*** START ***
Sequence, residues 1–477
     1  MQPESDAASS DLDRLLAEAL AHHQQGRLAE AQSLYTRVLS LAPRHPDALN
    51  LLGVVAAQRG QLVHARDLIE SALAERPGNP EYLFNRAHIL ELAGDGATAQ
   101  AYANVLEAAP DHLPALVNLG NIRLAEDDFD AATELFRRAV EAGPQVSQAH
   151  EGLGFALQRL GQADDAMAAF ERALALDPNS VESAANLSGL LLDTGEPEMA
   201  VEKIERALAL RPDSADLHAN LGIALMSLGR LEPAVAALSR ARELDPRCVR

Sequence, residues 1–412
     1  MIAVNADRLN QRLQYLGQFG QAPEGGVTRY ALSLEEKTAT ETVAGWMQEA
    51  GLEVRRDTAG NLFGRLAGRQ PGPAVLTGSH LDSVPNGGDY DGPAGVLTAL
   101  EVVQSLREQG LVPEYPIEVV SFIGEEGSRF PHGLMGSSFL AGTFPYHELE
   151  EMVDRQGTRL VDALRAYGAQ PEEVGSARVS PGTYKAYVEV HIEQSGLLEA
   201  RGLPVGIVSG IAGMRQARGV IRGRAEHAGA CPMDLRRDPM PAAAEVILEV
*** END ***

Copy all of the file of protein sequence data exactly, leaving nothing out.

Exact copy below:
Sequence, residues 1–477
     1  MQPESDAASS DLDRLLAEAL AHHQQGRLAE AQSLYTRVLS LAPRHPDALN
    51  LLGVVAAQRG QLVHARDLIE SALAERPGNP EYLFNRAHIL ELAGDGATAQ
   101  AYANVLEAAP DHLPALVNLG NIRLAEDDFD AATELFRRAV EAGPQVSQAH
   151  EGLGFALQRL GQADDAMAAF ERALALDPNS VESAANLSGL LLDTGEPEMA
   201  VEKIERALAL RPDSADLHAN LGIALMSLGR LEPAVAALSR ARELDPRCVR

Sequence, residues 1–412
     1  MIAVNADRLN QRLQYLGQFG QAPEGGVTRY ALSLEEKTAT ETVAGWMQEA
    51  GLEVRRDTAG NLFGRLAGRQ PGPAVLTGSH LDSVPNGGDY DGPAGVLTAL
   101  EVVQSLREQG LVPEYPIEVV SFIGEEGSRF PHGLMGSSFL AGTFPYHELE
   151  EMVDRQGTRL VDALRAYGAQ PEEVGSARVS PGTYKAYVEV HIEQSGLLEA
   201  RGLPVGIVSG IAGMRQARGV IRGRAEHAGA CPMDLRRDPM PAAAEVILEV